Follow the requirements for solar photovoltaic (PV) systems found in the 2014 National Electric Code (NEC), Article 690, PV Power Systems, and Article 110, Requirements for Electrical Installations.

More Info.

Access to some references may require purchase from the publisher. While we continually update our database, links may have changed since posting. Please contact our webmaster if you find broken links.

Case Studies

None Available

References and Resources*

  1. Author(s): International Code Council
    Organization(s): ICC
    Publication Date: January, 2009

    Code establishing a baseline for energy efficiency by setting performance standards for the building envelope (defined as the boundary that separates heated/cooled air from unconditioned, outside air), mechanical systems, lighting systems and service water heating systems in homes and commercial businesses.

  2. Author(s): International Code Council
    Organization(s): ICC
    Publication Date: January, 2009

    Code for residential buildings that creates minimum regulations for one- and two-family dwellings of three stories or less. It brings together all building, plumbing, mechanical, fuel gas, energy and electrical provisions for one- and two-family residences.

  3. Author(s): International Code Council
    Organization(s): ICC
    Publication Date: January, 2012

    Code establishing a baseline for energy efficiency by setting performance standards for the building envelope (defined as the boundary that separates heated/cooled air from unconditioned, outside air), mechanical systems, lighting systems and service water heating systems in homes and commercial businesses.

  4. Author(s): International Code Council
    Organization(s): ICC
    Publication Date: January, 2012

    Code for residential buildings that creates minimum regulations for one- and two-family dwellings of three stories or less. It brings together all building, plumbing, mechanical, fuel gas, energy and electrical provisions for one- and two-family residences.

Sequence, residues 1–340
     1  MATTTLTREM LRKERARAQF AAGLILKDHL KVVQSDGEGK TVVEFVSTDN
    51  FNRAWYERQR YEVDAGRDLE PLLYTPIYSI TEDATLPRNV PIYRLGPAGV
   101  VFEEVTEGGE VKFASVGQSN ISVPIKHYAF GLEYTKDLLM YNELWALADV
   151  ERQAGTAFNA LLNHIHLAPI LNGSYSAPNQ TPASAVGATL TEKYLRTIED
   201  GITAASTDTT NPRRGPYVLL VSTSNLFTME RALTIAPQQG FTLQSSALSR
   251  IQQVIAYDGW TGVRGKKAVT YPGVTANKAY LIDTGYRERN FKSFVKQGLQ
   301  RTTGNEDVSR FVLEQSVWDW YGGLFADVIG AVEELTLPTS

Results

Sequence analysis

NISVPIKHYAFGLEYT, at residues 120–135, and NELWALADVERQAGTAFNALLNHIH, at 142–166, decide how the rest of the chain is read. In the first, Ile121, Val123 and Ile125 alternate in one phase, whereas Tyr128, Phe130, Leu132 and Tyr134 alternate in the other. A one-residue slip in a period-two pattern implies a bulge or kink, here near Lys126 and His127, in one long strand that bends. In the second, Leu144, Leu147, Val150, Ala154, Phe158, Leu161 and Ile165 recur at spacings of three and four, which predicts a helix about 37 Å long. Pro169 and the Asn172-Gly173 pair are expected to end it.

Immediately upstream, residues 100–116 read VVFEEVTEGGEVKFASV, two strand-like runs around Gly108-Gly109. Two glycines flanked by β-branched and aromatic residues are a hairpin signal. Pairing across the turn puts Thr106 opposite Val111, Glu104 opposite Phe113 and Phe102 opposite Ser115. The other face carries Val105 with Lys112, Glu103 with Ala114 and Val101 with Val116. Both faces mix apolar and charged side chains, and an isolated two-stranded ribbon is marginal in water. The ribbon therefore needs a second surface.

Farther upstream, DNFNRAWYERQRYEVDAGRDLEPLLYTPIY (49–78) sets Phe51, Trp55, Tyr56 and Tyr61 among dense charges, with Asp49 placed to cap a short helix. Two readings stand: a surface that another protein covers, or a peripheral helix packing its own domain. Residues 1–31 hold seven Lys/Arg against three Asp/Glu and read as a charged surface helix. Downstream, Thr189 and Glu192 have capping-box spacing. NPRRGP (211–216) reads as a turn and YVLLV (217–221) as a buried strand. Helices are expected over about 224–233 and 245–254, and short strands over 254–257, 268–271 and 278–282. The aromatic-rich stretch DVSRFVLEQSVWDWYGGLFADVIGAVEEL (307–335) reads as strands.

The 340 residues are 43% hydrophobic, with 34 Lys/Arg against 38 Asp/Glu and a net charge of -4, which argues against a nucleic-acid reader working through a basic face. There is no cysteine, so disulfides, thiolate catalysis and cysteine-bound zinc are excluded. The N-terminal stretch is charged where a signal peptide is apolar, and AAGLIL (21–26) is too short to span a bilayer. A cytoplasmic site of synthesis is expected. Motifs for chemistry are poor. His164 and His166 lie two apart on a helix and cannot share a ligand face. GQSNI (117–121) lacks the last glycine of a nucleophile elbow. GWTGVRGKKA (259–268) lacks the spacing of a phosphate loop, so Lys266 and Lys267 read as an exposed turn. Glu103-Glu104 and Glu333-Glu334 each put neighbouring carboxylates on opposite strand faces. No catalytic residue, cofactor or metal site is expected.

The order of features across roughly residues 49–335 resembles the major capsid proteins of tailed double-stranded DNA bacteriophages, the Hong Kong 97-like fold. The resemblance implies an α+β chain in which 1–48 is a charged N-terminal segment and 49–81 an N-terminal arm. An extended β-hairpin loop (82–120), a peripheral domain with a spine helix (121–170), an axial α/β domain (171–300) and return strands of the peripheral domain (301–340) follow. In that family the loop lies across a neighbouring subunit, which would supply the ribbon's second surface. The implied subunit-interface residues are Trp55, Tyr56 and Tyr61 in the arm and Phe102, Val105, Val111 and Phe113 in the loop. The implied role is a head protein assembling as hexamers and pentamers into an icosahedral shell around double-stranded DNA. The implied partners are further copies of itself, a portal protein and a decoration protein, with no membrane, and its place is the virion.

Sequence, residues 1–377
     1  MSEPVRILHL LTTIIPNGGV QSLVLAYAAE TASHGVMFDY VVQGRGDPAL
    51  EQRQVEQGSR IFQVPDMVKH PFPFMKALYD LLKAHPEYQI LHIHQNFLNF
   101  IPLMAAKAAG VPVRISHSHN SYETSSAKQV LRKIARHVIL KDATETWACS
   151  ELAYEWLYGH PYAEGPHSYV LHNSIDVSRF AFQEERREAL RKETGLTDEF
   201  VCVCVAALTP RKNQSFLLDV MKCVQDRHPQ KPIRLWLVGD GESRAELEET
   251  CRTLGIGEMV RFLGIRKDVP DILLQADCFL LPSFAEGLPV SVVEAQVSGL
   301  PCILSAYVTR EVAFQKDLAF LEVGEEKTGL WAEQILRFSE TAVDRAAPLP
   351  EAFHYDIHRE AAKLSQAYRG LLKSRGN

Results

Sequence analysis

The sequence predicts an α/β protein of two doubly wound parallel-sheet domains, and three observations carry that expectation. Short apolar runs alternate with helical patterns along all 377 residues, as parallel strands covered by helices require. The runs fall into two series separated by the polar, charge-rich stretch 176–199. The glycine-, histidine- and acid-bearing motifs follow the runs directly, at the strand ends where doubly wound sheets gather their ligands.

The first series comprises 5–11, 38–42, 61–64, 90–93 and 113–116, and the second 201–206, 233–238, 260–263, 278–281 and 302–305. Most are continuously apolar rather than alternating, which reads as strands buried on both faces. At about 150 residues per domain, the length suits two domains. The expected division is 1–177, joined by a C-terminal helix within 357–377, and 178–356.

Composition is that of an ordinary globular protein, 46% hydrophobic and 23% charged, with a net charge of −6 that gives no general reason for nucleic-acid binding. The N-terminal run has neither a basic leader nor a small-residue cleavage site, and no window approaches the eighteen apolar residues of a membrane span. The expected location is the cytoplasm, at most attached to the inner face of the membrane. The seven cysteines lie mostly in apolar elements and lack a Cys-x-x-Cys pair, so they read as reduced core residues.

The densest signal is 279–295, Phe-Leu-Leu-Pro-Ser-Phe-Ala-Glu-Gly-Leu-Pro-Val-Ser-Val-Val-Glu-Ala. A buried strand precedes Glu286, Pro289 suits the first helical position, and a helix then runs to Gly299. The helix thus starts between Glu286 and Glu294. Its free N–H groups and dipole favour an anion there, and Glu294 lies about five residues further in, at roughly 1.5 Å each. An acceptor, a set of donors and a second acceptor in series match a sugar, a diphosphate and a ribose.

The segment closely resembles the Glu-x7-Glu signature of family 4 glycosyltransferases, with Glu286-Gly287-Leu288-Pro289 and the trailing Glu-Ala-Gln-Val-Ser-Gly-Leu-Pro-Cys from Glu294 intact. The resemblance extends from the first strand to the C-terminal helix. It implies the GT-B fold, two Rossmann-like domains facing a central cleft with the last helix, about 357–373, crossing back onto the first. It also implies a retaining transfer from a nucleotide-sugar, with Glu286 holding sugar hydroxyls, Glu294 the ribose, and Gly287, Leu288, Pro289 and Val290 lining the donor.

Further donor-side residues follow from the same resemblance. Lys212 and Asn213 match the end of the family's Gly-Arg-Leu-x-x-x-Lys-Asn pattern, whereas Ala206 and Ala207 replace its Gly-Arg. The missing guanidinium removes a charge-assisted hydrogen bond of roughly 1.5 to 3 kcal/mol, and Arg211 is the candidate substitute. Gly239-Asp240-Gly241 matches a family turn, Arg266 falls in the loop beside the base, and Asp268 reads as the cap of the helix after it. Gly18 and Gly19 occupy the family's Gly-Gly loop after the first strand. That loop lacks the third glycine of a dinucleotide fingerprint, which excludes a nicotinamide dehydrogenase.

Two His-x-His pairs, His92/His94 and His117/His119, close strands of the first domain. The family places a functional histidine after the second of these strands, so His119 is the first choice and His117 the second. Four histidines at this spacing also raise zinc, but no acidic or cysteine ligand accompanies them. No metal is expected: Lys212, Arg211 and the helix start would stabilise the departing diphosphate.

5. Author(s): International Code Council
    Organization(s): ICC
    Publication Date: May, 2014

    Code establishing a baseline for energy efficiency by setting performance standards for the building envelope (defined as the boundary that separates heated/cooled air from unconditioned, outside air), mechanical systems, lighting systems and service water heating systems in homes and commercial businesses.

  6. Author(s): International Code Council
    Organization(s): ICC
    Publication Date: May, 2014

    Code for residential buildings that creates minimum regulations for one- and two-family dwellings of three stories or less. It brings together all building, plumbing, mechanical, fuel gas, energy and electrical provisions for one- and two-family residences.

  7. Author(s): International Code Council
    Organization(s): ICC
    Publication Date: November, 2017

    Code establishing a baseline for energy efficiency by setting performance standards for the building envelope (defined as the boundary that separates heated/cooled air from unconditioned, outside air), mechanical systems, lighting systems, and service water heating systems in homes and commercial businesses.

  8. Author(s): International Code Council
    Organization(s): ICC
    Publication Date: August, 2017

    Code for residential buildings that creates minimum regulations for one- and two-family dwellings of three stories or less. It brings together all building, plumbing, mechanical, fuel gas, energy and electrical provisions for one- and two-family residences.

  9. Author(s): U.S. Department of Energy
    Organization(s): DOE
    Publication Date: May, 2019

    Standard requirements for DOE's Zero Energy Ready Home national program certification.

  10. Author(s): Aldrich
    Organization(s): CARB, Steven Winter Associates, SWA
    Publication Date: March, 2013

    Brochure on specifications for PV systems.

  11. Author(s): Brooks, Dunlop
    Organization(s): NABCEP
    Publication Date: March, 2012
    This Photovoltaic (PV) Installer Resource Guide is an informational resource covering basic requirements for PV installations intended for individuals pursuing the Photovoltaic Installer Certification credential offered by the North American Board of Certified Energy Practitioners (NABCEP).
  12. Author(s): Building Science Corporation
    Organization(s): Building Science Corporation
    Publication Date: June, 2006

    Report aiming to "de-mistify" technology and economic considerations of residential PV systems.

  13. Author(s): U.S. Environmental Protection Agency
    Organization(s): EPA
    Publication Date: January, 2011

    The RERH specifications and checklists take a builder and a project design team through the steps of assessing a home’s solar resource potential and defining the minimum structural and system components needed to support a solar energy system.

Contributors to this Guide

The following authors and organizations contributed to the content in this Guide.

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Last Updated: 08/14/2014